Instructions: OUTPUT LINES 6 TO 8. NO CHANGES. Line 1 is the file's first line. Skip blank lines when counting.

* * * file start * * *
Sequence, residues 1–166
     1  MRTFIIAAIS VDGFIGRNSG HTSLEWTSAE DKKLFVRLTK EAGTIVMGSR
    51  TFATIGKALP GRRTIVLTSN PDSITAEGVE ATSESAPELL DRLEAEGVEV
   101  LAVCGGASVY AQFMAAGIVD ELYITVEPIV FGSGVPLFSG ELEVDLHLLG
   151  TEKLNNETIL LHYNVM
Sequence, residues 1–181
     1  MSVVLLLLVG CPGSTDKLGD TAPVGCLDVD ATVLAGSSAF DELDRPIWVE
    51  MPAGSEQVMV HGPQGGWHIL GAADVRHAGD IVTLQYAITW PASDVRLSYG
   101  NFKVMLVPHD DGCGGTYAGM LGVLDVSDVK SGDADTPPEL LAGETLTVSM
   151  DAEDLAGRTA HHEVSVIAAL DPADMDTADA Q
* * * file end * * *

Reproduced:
Sequence, residues 1–181
     1  MSVVLLLLVG CPGSTDKLGD TAPVGCLDVD ATVLAGSSAF DELDRPIWVE
    51  MPAGSEQVMV HGPQGGWHIL GAADVRHAGD IVTLQYAITW PASDVRLSYG